Jim Parco: This has been a very progressive decade: gay people can openly serve in the military, we legalize same-sex marriage in all 50 states, etc. When you look at cannabis legalization, we’re finally starting to shed a lot of the bad beliefs that were based in fear. Once you step back and look, you realize a way to make the world a better place is to do what is true to the American ideal; let people make informed choices. That is why I think Colorado was the first state to legalize; people who live out west seem to have more of a “live and let live” attitude. Regardless of someone’s political persuasion, I think most Coloradans have a streak of Libertarianism in them. The question is whether or not it is having a negative impact on society, that is the crux of the cannabis legalization argument. We have two years of data, though. Despite the fact that the opposition wants to pin the heroin epidemic, gang violence, and homelessness on the retail cannabis industry, they can’t because there is no real connection. It’s very frustrating for them because they know what they see. They see the fact that we have more homeless people in our county, but we’re growing. Anytime you’re growing, you are going to get more of everyone. The question remains whether it is directly related to the retail cannabis industry, but the facts are that we see no evidence. What I see is two northern cities, Colorado Springs and Denver, being much more aggressive with regards to getting the homeless out of their cities. They’re buying them bus tickets for 100 miles away; where do you think they’re going to go? They’re coming south, they’re coming to Pueblo. At the end of the day, I think the one thing that has caused the retail cannabis industry to survive and thrive is how well regulated and taxed it is. These are things that society appreciates. Even if they tend to be against marijuana, they’re more against not having that tax revenue and job creation in the marijuana industry. Cannabis is not going away.
Marijuana.com: What, if anything, can the retail cannabis industry proactively improve to alleviate some of the opposition’s concerns?
Jim Parco: It’s pretty hard for me to critique the Colorado experience because, so far, as a professor looking at the policies and regulations, they’re doing it right from my vantage point. That’s why I am in this industry. I really think Colorado has made all the right calls in terms of legalization. There was the whole Maureen Dowd fiasco where she comes out to Colorado during the first week of legalization to report on it for the New York Times. She goes into a store and buys a couple of infused candy bars and a couple of drinks before going back to her hotel room where she ate and drank everything. I don’t know how much THC she ingested, but there you go. At the time, we were a brand new industry, we didn’t have the markings and the potency limits yet. She wrote a scathing article because she was stoned for about four days in her hotel room. She had a horrible experience, and obviously it didn’t hurt her because marijuana doesn’t hurt you, but she still wrote this article about the lack of labeling requirements and procedures governing edibles. I thought Colorado responded fantastically over the following 12 months, coming out with a whole slew of new regulations for labeling, packaging, child resistant, potency limitations, and homogeneity. They’re getting it right. The only critique I have is that we don’t have federal support. If we had support at the national level and a government that looked to create standards across states, I think all votes would rise. But the fact is, the only patent that exists for cannabinoids to treat pain is held by the National Institute of Health, the same US government that still says there is no medical benefits. So there’s a lot of irony that is out there, but we’re watching the final battles of this prohibitionist era. I fully expect within the next five years that three-quarters of the states will have legalization in some fashion. I think the federal government is going to have to come to terms with this and start doing something on a federal scale to make everything work. They keep talking about making marijuana a Schedule 2 substance, but that’s ridiculous. All that’s going to do is provide federal oversight and make it more complicated. What they really need to do is get rid of the schedules entirely given the fact that the National Institute of Health has a list of lethal dosages for all known drugs. Caffeine, alcohol, and nicotine are all on there. The only drug on the list without a lethal dosage is marijuana. It seems a little bit hypocritical that they’re the ones who hold the patent on it for medical efficacy and they’re still saying there is no medical benefits.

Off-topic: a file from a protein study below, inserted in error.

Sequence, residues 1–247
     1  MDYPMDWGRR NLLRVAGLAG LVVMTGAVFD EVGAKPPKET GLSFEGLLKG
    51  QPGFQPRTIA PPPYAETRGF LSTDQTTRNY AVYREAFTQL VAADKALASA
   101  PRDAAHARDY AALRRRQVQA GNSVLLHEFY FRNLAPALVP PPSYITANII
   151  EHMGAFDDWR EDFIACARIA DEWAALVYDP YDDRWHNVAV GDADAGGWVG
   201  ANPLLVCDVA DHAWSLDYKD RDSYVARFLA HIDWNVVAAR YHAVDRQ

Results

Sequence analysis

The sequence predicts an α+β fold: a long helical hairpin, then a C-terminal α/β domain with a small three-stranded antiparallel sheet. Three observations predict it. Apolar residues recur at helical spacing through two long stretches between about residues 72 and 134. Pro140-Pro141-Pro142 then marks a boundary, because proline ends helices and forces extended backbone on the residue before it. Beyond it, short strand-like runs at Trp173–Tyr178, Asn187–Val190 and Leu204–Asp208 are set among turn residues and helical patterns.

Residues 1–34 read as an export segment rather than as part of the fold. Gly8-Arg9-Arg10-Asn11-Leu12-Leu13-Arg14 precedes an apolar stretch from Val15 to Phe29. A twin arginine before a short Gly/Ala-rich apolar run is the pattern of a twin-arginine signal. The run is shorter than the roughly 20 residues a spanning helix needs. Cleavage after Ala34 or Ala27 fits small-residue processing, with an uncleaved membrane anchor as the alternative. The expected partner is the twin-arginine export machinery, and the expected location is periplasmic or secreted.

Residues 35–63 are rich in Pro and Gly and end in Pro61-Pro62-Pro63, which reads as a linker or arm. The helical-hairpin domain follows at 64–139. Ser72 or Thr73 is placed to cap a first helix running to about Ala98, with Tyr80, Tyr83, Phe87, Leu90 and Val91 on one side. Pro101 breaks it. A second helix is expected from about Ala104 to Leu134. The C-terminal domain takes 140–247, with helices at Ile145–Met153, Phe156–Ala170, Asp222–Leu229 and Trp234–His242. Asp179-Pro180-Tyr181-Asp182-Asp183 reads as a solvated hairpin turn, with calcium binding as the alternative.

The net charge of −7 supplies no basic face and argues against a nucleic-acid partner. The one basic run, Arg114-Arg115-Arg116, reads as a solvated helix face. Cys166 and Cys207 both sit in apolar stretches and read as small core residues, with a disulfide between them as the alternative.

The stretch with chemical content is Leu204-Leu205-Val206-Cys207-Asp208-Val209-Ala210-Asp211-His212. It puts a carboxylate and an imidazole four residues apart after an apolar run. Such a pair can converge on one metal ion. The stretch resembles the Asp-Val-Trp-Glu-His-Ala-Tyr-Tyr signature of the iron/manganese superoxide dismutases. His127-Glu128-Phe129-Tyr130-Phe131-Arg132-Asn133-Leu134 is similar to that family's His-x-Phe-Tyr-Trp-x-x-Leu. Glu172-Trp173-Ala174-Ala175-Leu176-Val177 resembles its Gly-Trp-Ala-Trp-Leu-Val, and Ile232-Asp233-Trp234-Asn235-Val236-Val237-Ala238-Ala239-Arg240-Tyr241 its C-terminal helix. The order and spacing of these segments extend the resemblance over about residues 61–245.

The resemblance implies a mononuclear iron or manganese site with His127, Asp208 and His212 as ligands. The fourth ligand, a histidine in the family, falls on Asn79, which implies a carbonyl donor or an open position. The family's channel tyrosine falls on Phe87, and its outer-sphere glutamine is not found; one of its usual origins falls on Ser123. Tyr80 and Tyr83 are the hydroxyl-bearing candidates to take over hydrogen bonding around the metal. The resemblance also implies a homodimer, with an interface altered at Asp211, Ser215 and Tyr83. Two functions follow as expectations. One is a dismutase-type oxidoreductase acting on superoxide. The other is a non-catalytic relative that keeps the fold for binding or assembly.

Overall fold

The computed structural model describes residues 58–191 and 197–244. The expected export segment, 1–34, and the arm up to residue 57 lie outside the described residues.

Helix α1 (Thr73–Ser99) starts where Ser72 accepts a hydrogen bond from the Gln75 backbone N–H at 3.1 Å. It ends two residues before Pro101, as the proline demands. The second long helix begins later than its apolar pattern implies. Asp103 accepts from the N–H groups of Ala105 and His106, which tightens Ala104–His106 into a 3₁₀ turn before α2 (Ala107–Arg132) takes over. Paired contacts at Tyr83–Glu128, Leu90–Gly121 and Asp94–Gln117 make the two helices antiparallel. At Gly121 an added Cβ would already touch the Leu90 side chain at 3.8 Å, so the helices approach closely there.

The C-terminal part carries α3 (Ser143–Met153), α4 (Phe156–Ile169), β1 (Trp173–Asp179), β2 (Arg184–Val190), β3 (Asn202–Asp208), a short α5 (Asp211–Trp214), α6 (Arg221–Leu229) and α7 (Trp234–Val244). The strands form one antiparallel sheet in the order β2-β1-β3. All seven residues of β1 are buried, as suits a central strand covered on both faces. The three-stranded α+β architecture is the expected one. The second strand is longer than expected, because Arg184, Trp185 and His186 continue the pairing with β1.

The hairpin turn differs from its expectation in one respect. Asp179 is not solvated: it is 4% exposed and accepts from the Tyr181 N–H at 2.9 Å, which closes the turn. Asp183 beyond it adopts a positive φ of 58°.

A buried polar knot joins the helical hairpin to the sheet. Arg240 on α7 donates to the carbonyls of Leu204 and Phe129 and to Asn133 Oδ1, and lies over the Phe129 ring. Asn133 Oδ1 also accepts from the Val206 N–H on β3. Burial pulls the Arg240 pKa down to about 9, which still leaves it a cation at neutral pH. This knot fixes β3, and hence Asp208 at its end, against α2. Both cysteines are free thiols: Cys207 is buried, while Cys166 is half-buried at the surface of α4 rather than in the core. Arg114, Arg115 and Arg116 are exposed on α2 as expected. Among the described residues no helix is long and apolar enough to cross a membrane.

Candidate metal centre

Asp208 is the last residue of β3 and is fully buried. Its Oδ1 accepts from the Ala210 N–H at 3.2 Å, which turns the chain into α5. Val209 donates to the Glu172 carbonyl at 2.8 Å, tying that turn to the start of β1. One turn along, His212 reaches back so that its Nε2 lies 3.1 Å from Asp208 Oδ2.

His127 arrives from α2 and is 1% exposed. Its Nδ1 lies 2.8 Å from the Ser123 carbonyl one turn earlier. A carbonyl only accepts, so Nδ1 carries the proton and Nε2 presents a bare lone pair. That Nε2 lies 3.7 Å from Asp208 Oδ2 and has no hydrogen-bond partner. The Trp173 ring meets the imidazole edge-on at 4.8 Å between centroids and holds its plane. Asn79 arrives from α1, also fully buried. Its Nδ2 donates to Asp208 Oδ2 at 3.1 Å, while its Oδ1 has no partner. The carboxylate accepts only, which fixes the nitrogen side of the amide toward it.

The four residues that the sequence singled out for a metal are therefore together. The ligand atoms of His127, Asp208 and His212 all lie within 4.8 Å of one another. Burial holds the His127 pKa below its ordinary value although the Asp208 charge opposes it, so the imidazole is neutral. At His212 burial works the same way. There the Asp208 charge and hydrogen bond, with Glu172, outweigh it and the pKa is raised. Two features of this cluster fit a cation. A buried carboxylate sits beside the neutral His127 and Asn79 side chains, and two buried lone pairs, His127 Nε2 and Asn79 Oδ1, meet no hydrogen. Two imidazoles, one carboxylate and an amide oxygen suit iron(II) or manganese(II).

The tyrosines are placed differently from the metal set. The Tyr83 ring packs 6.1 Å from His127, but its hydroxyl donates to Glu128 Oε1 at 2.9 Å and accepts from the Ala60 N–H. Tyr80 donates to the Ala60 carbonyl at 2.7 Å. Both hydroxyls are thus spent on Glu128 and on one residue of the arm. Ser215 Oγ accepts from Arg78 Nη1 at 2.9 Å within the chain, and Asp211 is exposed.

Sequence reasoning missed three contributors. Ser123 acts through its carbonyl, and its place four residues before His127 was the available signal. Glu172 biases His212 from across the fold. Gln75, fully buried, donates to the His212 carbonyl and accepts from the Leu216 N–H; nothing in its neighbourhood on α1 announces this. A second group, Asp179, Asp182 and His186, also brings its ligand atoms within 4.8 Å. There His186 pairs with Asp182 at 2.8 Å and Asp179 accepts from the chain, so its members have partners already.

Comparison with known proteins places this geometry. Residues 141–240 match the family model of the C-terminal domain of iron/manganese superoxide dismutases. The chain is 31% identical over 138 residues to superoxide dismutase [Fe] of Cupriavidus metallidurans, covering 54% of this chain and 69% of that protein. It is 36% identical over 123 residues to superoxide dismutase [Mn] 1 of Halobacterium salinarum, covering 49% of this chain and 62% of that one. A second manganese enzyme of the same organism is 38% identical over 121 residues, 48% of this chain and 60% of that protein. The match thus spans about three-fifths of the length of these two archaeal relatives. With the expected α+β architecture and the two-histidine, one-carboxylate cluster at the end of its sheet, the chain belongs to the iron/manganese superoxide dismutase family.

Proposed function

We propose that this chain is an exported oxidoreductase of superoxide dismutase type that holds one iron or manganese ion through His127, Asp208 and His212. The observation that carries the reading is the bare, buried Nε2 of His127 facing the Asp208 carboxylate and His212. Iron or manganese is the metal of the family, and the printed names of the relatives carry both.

Marijuana.com: It’s unfortunate, but the prohibitionist movement has never been based in facts and actualities, but rather discrimination and fear. How do you combat that?
Jim Parco: We’re fighting that right now, it is the years of the anti-drug movement. For all the good that those programs did, they really gave cannabis a bad name. Now we just have to spend the time to decouple cannabis from all of those other drugs. It’s certainly a lot closer to alcohol and tobacco than it is to other drugs, and even less dangerous than those two. Colorado recognized that marijuana should be regulated like alcohol because that is the class it is in. Just because you may not drink alcohol or frequent bars, it doesn’t mean that it has no impact on you. I think we’re all better off when alcohol, tobacco, and now cannabis, are regulated and taxed.
Marijuana.com: It’s difficult to argue with a surplus where there used to be a financial hole.
Jim Parco: Absolutely, it has been a boon for Colorado. Total sales have far exceeded a billion dollars, which brought roughly a quarter-billion dollars in tax revenue to the state in the two years since legalization.
Marijuana.com: What will the tipping point be where the opposition can no longer argue against legalization?
Jim Parco: They’ll argue it until they die. These ballot initiatives are the same kind of skirmishes you see in battle right before a ceasefire. You have armies that are still shooting at each other, but the war is over. The cannabis war is over, we’re in the final stages. But that doesn’t mean that people can stop fighting, it is still going to be a problem and it is still contentious. We’re seeing opposition like this in Colorado first because we were the first to legalize, but I would fully expect other states to experience the same type of nonsense. Just because cannabis is legalized doesn’t mean the war is over, this will be going on for the next five to ten years.
All Images Courtesy of Growing Pueblo’s Future